is a quieter time in the garden, but there are things you can do to
prepare for spring and summer.
irrigation to garden beds which will assist in delivering water to where
it is needed; dripper systems are currently approved for water restriction
Apply mulch to
garden beds to assist with weed control, evaporation and to keep the
ground temperature somewhat more stable through winter and summer.
the pruning and fertilising until it warms up a little, otherwise the
new growth following pruning and fertilising may be damaged by frost.
Even dead foliage may protect newer more frost-sensitive growth or shoot
tips, however, diseased vegetation may be removed.
plants; if you have them in pots move them to a warmer location such
as under a verandah or eave.
If you intend to
develop a new landscape, winter may be a good time to do it as the physical
work will warm you up and at the same time you won't need to worry about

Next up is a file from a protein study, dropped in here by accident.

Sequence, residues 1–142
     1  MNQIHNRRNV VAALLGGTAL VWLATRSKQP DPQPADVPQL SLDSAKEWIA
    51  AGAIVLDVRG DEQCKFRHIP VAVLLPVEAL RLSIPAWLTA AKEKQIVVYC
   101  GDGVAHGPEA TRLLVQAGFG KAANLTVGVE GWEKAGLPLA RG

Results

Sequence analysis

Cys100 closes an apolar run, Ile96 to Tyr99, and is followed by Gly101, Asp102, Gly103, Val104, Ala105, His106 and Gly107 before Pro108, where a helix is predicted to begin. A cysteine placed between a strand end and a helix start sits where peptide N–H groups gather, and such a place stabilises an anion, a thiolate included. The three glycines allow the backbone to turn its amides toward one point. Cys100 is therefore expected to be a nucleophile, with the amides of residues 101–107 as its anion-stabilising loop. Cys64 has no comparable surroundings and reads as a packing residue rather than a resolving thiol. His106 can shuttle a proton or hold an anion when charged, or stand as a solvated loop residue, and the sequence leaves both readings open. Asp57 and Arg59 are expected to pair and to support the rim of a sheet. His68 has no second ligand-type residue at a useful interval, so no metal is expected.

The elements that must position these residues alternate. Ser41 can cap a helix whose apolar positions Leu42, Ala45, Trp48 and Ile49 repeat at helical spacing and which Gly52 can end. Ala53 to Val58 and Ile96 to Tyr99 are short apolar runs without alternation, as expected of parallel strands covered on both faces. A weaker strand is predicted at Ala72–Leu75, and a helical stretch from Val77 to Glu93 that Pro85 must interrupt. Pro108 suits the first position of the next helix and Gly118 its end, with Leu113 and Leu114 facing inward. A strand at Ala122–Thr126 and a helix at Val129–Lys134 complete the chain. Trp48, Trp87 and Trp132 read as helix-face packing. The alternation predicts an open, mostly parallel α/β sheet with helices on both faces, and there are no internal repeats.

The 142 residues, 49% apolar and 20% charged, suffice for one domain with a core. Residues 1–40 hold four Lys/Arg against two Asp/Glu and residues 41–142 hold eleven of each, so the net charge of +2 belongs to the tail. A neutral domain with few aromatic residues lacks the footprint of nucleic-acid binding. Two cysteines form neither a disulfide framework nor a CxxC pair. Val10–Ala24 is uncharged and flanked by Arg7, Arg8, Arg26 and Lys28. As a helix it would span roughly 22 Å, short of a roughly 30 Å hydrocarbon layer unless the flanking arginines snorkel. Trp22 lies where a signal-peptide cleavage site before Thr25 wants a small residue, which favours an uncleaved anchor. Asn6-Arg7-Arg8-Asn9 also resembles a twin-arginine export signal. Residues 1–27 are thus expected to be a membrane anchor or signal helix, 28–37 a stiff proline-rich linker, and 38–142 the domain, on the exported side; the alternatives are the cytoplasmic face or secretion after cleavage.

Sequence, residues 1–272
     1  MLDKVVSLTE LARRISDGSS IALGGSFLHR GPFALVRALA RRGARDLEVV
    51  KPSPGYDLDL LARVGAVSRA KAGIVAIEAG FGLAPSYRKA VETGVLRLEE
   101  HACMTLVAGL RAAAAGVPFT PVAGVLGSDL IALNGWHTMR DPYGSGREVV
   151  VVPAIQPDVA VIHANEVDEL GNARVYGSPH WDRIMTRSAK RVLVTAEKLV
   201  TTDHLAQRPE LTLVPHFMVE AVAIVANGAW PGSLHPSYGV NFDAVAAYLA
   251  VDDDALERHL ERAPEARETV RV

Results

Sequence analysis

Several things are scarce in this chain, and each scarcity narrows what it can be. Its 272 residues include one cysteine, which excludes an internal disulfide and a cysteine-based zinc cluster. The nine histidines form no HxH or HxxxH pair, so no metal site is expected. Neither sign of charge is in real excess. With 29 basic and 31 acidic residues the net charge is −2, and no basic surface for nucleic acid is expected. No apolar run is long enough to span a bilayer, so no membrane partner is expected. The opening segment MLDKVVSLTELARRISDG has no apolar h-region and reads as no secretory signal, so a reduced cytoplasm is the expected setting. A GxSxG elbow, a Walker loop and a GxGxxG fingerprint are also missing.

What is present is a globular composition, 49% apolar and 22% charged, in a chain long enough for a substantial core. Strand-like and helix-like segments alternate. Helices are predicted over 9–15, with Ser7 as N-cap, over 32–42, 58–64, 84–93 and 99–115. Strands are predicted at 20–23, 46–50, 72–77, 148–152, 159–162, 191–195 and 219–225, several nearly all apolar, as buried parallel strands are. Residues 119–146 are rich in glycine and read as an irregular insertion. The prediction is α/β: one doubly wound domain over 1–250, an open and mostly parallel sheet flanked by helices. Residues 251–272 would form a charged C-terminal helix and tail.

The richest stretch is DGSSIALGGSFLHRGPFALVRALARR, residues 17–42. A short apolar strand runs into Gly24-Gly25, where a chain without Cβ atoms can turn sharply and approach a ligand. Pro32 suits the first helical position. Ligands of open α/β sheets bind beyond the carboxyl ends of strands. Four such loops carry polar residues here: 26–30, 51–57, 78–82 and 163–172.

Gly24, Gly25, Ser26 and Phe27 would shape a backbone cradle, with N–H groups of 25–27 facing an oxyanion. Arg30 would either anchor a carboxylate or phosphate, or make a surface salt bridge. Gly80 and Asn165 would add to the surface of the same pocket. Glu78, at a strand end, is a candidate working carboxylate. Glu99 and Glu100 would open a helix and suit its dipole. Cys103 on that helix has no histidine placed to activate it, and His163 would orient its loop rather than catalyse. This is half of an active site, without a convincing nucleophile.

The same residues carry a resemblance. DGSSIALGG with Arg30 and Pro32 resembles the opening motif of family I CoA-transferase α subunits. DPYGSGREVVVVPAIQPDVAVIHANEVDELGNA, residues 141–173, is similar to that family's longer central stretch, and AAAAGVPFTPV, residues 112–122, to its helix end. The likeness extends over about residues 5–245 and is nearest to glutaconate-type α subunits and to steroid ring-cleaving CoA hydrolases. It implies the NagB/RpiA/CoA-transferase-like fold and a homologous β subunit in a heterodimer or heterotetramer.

weeds, watering and maintaining other areas as much as you would in
the warmer growing seasons.
Take time to enjoy
some of the flowers in the native garden, including some of the Banksia,
Crowea, Correa, Hakea, Eremophila, and Xerochrysum etc. With
these plants in flower over the winter months the birds and bees will
be visiting your garden.
October and November
appropriate fertiliser for specific plants well before summer. There
are various products with water crystals that you may wish to apply
at planting time to assist plants through the summer period and probable
Depending on conditions,
weeds will start to grow, so constantly control those weeds; a 'little
and often' approach will mean weeds will not have a chance to set seed
or spread stolons or rhizomes too far.
As you would be
aware, many Australian plants can be propagated from spring onwards.
Due to the current
drought and water restrictions much of our gardening is focused on managing
and maintaining what we have in place. Many residents are changing their
gardens to suit these conditions, i.e. reducing lawn areas and planting
more drought-tolerant plants. Many of our Australian plants can be used,
including various Banksia, Grevillea, Callistemon, Dianella, Acacia,
Eucalyptus, Corea, Themeda and Poa spp.
The above is general
information only; more information should be obtained on specific plant
species, propagation methods, fertiliser types, etc.
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